If You Think You're Too Busy to Meditate, Read This

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In theory, meditation sounds magical: All you have to do is sit still for few minutes and boom — you'll gain inner peace and nail that zen glow. Yeah, not so fast. It actually takes a fair amount of practice, especially if you're not-so-patient by nature. After all, sitting still is tough when you’ve got a million things racing through your mind or a ten-mile-long to-do list on your phone.

But that's the thing. If you're crazy busy, that's all the more reason to try out meditation for the benefits you're probably craving right now, like less brain fog, reduced stress and an overall calmer outlook. And it's win-win because when you’re done, you can continue with your bustling day and probably be even more productive.

Before you get started, here are a few things you need to know

  • Believe it or not, the main idea behind meditation isn’t necessarily quieting your mind. It’s taking the time to notice and reflect upon what is going on inside, outside, and even beyond you. Quieting the mind is just a positive side effect.
  • You don’t need a single supply to meditate. Yes, soft pillows and flickering candles can make meditation more enjoyable (and photogenic), but don’t let a lack of accessories — or a special nook, for that matter — hold you back.
  • Everyone can meditate. It is not exclusive to any one society, religion, or culture.

5-step seated meditation for fidgety folks and busy bodies

1. Pick a place

Ideally, choose a spot where you can sit undisturbed for several minutes. (Silence your phone, close the door, draw the shades.)

2. Set a timer

Decide how long you’re going to meditate, then set a timer so you won’t be tempted to look at the clock. Beginners: Try just five minutes to start.

3. Settle in

Make yourself comfortable. You can sit on the floor, a cushion or a chair, or you can even stand up (just try not to slouch). No need to be as still as a statue — feel free to shift positions if you get uncomfortable — but adjust and then settle back in.

4. Breathe

Bring your attention to your breath, without trying to change it. Often, without even trying, your breath will become slower and deeper as you focus on the act of breathing in and out.

5. Just...sit

Yup. That's it. It’s the simplest yet hardest, step. Try to observe what you are feeling — even if the whole process feels mentally uncomfortable — without judging or changing it.

Still can’t sit still?

So many of us are so used to near-constant movement and sensory input (ahem, Instagram), we've gotten pretty bad at just staying quiet and focused. If you really, really can’t stop fidgeting, consider moving meditation or an alternative meditative practice like one of these:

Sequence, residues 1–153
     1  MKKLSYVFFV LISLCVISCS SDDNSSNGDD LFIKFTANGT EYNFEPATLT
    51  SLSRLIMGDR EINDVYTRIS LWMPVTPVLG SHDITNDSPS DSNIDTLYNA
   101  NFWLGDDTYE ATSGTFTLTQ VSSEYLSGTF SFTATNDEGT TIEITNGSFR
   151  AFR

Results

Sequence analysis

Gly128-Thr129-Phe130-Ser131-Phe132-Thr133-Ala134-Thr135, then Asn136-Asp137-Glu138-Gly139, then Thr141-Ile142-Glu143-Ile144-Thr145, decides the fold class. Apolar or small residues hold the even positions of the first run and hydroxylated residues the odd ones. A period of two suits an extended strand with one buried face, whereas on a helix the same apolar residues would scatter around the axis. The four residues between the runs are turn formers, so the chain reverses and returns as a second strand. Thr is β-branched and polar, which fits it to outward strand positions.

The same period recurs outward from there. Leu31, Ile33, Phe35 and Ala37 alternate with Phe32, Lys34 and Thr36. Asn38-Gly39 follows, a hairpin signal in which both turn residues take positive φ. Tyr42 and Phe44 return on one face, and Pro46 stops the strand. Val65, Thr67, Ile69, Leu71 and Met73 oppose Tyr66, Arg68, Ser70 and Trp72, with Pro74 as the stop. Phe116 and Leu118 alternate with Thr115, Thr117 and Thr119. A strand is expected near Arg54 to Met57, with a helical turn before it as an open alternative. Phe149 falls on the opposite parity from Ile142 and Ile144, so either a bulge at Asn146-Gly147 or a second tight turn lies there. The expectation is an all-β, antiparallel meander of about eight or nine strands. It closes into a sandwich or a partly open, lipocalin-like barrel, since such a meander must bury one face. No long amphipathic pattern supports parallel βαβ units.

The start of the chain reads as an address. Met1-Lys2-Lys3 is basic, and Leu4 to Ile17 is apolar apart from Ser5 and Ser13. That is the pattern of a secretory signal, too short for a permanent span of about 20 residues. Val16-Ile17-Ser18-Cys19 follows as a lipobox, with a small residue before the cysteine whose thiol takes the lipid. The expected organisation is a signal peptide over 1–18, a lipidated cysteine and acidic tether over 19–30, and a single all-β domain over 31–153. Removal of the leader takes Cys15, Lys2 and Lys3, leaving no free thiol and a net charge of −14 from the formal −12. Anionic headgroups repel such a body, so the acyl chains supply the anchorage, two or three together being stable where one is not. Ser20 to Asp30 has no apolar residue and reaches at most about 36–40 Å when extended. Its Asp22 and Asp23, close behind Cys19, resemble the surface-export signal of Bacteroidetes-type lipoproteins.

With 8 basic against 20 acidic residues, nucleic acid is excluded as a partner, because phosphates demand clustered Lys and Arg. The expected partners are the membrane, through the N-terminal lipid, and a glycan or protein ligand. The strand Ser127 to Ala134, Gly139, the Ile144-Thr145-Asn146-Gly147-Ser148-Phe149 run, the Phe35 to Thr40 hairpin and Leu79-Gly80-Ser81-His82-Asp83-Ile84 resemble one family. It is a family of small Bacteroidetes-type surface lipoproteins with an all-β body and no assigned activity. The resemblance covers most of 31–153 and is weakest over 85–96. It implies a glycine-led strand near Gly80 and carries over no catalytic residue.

Yoga or tai chi

Movement-based practices including gentle, slow yoga asanas (poses) or tai chi can offer many of the benefits of meditation while still letting you move around.

Running

Have you ever heard of “runner’s high?" That's actually a meditative state! And that means running can be so much more than just exercise — it can be meditation in motion.

Mindful walking

If the pace of running isn't your thing, try mindful walking. Simply go for a walk (preferably outside), and focus your attention on each step and each breath.

Creating art

It might be painting, drawing, playing an instrument, knitting, or some other type of artistic practice. For meditative purposes, try to let it be free-form creation and don’t focus too much on the finished results.

Dancing

Whether you just sway along with music or really get down, dance can be totally meditative when you don’t worry about what you look like. Just going with your natural sense of movement is freeing.

Now stick with it!

One-time meditation won't give you nearly as many benefits as making time to meditate on a regular schedule. There's a snowball effect here: the more you do it, the bigger impact it has. Try these tricks to help you keep up the habit.

Meditate in the morning

First thing in the morning is often the best time to meditate. As the day goes on (and that to-do list gets longer) it’s easier to make excuses. Try to carve our five minutes each morning.

Make yourself accountable

Tell a friend or family member that you’ve started meditating, and have them check in with you daily to make sure you’re sticking to it.

Reward yourself

After a week of daily meditation, pat yourself on the back and give yourself a treat. It may be a fancy new pen for journaling, a scented candle or (mindfully) indulging in a matcha latte.

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